Grizzlies send a message to San Marcos youth to stay drug free

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Grizzlies send a message to San Marcos youth to stay drug free

Mission Hills students joined forces to spread awareness about the danger of drugs.

Mission Hills students joined forces to spread awareness about the danger of drugs.

Photo by Joseph Kamandy

Mission Hills students joined forces to spread awareness about the danger of drugs.

Photo by Joseph Kamandy

Photo by Joseph Kamandy

Mission Hills students joined forces to spread awareness about the danger of drugs.

Story by Hannah Larson, Grizzly Den Editor

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   Red Ribbon Week was created after the kidnapping, torture and killing of Drug Enforcement Administration (DEA) worker Enrique “Kiki” Camerena, who was murdered after working to expose a narcotics organization in Mexico. Harrison Blacklock (11) is the grandson of Camerena’s DEA partner, and Red Ribbon Week was a stark reminder of the deadly results of drug addiction.

   “My grandfather was working in the DEA and was partners with Enrique Camarena for a while, and my other grandfather was in the San Diego County Sheriffs’ Department, as well as my dad. I don’t like drugs in general because when you buy them, you support the drug dealers—and Enrique Camarena was one of the people who got tortured while trying to fight them, so supporting people who killed him—I can’t support that,” Blacklock said.

I don’t like drugs in general because when you buy them, you support the drug dealers—and Enrique Camarena was one of the people who got tortured while trying to fight them, so supporting people who killed him—I can’t support that,”

— Harrison Blacklock (11)

   From Oct. 23-31, Grizzlies joined students across the United States participating in Red Ribbon Week; from teen presenters encouraging elementary students to live a drug-free life to the Marijuana Prevention Initiative warning the freshmen class about the dangers of vaping, Mission Hills was actively involved in Red Ribbon Week’s efforts to warn youth about the devastation brought about by drug abuse.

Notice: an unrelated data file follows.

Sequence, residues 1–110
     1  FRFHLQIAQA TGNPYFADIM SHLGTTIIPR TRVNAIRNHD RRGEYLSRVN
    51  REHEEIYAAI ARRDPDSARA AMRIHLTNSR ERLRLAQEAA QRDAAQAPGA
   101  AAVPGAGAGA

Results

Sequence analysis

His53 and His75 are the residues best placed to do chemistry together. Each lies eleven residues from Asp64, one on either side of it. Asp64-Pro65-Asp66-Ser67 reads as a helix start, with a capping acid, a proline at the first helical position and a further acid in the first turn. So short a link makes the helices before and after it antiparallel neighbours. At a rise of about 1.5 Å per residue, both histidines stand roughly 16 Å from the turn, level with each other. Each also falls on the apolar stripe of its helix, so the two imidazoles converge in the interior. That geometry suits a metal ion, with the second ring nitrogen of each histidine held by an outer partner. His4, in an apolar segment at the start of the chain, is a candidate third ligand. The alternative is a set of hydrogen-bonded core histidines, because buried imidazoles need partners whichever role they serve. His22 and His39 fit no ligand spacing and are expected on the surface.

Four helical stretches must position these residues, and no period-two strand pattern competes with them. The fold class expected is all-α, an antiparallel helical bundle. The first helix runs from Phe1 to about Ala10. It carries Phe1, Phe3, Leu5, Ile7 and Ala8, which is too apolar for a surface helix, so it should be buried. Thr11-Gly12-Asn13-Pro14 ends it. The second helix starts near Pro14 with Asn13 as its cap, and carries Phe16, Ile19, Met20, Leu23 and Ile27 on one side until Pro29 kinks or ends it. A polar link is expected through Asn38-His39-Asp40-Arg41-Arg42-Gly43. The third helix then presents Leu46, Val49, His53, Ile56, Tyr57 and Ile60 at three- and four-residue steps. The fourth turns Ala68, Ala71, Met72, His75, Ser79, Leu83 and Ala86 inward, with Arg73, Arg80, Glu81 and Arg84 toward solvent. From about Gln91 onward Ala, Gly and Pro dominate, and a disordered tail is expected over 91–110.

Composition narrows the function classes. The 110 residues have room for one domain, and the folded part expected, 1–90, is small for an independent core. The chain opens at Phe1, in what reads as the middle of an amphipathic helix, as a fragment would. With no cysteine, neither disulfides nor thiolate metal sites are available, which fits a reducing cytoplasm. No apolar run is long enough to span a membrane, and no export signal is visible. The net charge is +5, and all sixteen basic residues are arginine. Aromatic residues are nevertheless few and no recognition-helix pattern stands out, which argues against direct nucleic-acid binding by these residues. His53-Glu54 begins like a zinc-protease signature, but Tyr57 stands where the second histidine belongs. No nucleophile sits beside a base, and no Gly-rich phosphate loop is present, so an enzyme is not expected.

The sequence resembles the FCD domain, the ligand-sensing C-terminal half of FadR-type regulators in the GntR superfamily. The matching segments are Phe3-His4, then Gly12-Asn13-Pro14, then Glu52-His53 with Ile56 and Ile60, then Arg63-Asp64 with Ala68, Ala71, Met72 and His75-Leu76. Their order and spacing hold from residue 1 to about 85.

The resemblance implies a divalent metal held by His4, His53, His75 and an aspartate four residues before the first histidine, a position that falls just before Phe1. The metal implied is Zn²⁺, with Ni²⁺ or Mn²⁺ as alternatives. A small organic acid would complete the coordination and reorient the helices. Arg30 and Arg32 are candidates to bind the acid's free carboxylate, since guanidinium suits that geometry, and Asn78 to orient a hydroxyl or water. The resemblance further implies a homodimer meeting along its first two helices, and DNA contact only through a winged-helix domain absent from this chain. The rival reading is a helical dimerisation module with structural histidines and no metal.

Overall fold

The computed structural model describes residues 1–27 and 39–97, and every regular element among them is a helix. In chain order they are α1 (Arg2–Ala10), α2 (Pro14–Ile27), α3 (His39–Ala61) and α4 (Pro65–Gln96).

“What attracted me to be a teen presenter was being able to give kids the knowledge that drugs are very harmful: I want to make sure kids know that because there’s a lot of peer pressure surrounding drugs, especially during high school, so you really want to get it into their heads while they’re young,” teen presenter Vanessa Hernandez (12) said.

     At Mission Hills, therapy dogs from the Love on a Leash organization came to comfort students and raise awareness about the painful reality of drug abuse, and DEA Agent Rocky Herron gave a presentation to sophomores encouraging them to commit to a bright future without substance abuse. Freshmen attended a presentation by the Marijuana Prevention Initiative and learned why marijuana is harmful to their bodies and minds, and Mr. Settle and the criminal justice department hosted an activity where students wore goggles to simulate driving under the influence of drugs.

   “I like showing people the harmful effects of drugs; it scares people, but I think it’s necessary. It helps people understand what happens when they buy those harmful types of products. There’s a lot of people who get hooked on drugs and it just leads to a downhill progression in their lives,” Blacklock said.

   Taking drugs as a way to cope with problems leads to physical, mental, emotional, and psychological issues that have the potential to plague users for years. The only way to avoid addiction and painful withdrawal is to refuse to abuse harmful substances. If you or someone you know is trapped in addiction, reach out to the MHHS counseling office or visit the school website to find a variety of organizations designed to help overcome drug abuse. 

Correction: Neither Harrison Blacklock’s grandparents nor friends were killed by drug dealers as was originally stated in the article. We regret this misunderstanding.